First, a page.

Founder of the World Wide Web (WWW) Foundation, Sir Tim Berners-Lee has called on all stakeholders to join the fight in securing the web’s future, saying that the web is under threat.
Sir Bernes-Lee who is also the inventor of the web made the call on March 12, 2018 in celebration of the World Wide Web’s 29th anniversary.
According to the web inventor, “this year’s occasion marks a milestone in the web’s history, for the first time, we will cross the tipping point when more than half of the world’s population will be online.”
The web inventor disclosed that when sharing his experience he gets concerned reactions from people who want to know how to get the other half of the world connected. He said they also ask if the rest of the world would want to connect to the web we have today.
He highlighted the existing threats to the web ranging from misinformation and questionable political advertising to a loss of control over personal data.
Despite these challenges, Tim Berners-Lee emphasized his commitment towards a free, open and creative web for everyone.
“That vision is only possible if we get everyone online, and make sure the web works for people. I founded the Web Foundation to fight for the web’s future” he stated during his call.
Tim Berners-Lee recommended ways of fighting against threats which include closing the digital divide, making the web work for people and bringing more voices to debate on the web’s future.
He described the digital divide between people who have internet access and those who do not as deepening existing inequalities and posing a serious global threat.
“To be offline today is to be excluded from opportunities to learn and earn, to access valuable services, and to participate in democratic debate. If we do not invest seriously in closing this gap, the last billion will not be connected until 2042. That’s an entire generation left behind”.
Tim Berners-Lee pointed out that the UN declaration of internet access as a human right in 2016, puts it on the same level with the provision of clean water, electricity, shelter and food and also the recently adopted Alliance for Affordable Internet’s threshold for affordability of 1GB of mobile data for less than 2% of average monthly income by the UN.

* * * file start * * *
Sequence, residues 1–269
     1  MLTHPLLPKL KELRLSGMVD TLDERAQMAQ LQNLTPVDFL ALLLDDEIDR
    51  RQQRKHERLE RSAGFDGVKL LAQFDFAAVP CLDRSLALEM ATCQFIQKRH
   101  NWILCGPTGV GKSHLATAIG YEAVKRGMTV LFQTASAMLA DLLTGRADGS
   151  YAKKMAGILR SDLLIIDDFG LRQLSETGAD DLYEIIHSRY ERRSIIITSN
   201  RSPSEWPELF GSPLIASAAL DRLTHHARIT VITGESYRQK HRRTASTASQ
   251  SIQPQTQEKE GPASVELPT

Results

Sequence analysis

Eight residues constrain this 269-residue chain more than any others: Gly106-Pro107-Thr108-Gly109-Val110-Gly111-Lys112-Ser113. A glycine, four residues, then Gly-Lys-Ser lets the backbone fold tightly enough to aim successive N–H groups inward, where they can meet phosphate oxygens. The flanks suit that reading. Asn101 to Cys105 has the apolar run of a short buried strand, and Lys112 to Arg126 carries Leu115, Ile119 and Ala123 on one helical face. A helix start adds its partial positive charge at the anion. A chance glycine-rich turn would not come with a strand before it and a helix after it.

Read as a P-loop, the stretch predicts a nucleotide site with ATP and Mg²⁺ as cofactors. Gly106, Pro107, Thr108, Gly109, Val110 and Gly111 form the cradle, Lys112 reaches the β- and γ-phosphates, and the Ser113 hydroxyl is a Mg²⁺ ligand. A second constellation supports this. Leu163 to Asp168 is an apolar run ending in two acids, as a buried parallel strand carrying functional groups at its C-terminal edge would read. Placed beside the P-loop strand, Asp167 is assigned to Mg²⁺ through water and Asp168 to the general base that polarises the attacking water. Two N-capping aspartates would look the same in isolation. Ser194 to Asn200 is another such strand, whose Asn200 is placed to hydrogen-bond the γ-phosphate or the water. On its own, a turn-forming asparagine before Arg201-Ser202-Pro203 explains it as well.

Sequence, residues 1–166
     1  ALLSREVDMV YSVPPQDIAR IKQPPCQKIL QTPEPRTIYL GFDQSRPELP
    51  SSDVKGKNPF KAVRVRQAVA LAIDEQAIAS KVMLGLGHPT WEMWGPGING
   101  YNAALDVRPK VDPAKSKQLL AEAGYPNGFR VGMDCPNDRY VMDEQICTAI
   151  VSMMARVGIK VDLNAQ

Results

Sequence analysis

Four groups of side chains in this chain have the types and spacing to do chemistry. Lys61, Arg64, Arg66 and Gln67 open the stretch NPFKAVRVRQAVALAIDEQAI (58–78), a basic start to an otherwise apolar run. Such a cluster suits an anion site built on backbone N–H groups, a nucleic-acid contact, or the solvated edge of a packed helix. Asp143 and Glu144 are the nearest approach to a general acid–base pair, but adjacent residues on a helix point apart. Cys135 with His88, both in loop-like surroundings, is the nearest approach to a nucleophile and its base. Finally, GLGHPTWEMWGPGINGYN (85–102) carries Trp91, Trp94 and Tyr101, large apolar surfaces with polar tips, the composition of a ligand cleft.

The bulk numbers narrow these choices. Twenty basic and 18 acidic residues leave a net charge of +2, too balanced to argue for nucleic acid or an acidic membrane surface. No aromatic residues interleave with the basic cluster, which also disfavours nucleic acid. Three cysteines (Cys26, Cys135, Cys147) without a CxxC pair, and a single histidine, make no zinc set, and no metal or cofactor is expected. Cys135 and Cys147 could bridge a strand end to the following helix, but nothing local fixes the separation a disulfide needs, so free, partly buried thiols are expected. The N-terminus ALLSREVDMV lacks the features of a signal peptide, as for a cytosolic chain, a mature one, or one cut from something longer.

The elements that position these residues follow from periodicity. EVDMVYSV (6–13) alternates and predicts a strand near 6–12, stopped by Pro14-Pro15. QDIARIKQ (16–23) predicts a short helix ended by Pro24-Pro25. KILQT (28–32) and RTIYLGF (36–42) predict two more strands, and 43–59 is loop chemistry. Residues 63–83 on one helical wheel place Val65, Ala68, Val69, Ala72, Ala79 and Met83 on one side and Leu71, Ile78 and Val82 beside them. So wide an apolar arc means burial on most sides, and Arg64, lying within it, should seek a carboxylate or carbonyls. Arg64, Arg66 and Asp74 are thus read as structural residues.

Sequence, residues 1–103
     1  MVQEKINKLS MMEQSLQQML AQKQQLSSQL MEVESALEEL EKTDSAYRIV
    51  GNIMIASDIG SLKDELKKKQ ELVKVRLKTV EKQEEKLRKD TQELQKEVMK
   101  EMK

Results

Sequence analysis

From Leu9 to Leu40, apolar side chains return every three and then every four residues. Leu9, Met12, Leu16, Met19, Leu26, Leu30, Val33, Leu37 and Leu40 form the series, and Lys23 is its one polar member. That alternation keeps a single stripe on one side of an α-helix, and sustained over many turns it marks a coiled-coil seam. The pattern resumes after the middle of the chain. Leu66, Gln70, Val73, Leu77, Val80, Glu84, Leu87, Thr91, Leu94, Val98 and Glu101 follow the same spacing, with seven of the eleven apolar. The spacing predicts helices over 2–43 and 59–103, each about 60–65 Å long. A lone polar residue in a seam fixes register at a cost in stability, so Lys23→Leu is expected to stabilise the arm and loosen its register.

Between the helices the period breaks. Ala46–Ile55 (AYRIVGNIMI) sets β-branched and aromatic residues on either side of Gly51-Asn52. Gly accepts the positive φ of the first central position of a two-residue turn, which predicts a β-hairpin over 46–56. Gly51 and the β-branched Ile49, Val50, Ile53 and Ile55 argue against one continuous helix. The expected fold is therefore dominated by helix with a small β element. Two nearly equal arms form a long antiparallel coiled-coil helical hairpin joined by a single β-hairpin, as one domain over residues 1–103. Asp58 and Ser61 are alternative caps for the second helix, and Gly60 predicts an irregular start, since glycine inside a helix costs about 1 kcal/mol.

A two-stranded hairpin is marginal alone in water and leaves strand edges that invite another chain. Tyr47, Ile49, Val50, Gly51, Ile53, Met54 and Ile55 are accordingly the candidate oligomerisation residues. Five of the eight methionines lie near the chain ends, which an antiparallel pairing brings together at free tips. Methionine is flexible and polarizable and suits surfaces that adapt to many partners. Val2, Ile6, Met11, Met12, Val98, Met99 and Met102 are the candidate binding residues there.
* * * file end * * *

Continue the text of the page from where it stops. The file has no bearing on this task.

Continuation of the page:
However, he stressed on the need for additional effort to reach the envisaged target, as the cost of 1GB of mobile broadband remains over 20% of average monthly income in some countries.
In addition, Tim Berners-Lee made reference to the way the web has evolved from being a rich selection of blogs and websites to a web that has been compressed under the powerful weight of a few dominant platforms which has had adverse effect on opinion of people as regards what they see and share online.
According to him, the dominant platforms are able to lock in their position by creating barriers for competitors. They acquire startup challengers, buy up new innovations and hire the industry’s top talent.
He suggested a legal or regulatory framework that accounts for social objectives as a way out.
Concluding his remarks, Tim Berners-Lee called for the brightest minds from business, technology, government, civil society, the arts and academia to join forces together to tackle the threats to the web’s future.
He also called on stakeholders to support policies and business models that expand access to the world’s poorest through public access solutions, such as community networks and public WiFi initiatives.
Furthermore, he urged for investment in securing reliable access for women and girls, and empowering them through digital skills training.
“Today, I want to challenge us all to have greater ambitions for the web. I want the web to reflect our hopes and fulfil our dreams, rather than magnify our fears and deepen our divisions.
At the Web Foundation, we are ready to play our part in this mission and build the web we all want. Let’s work together to make it possible,” Berners-Lee said.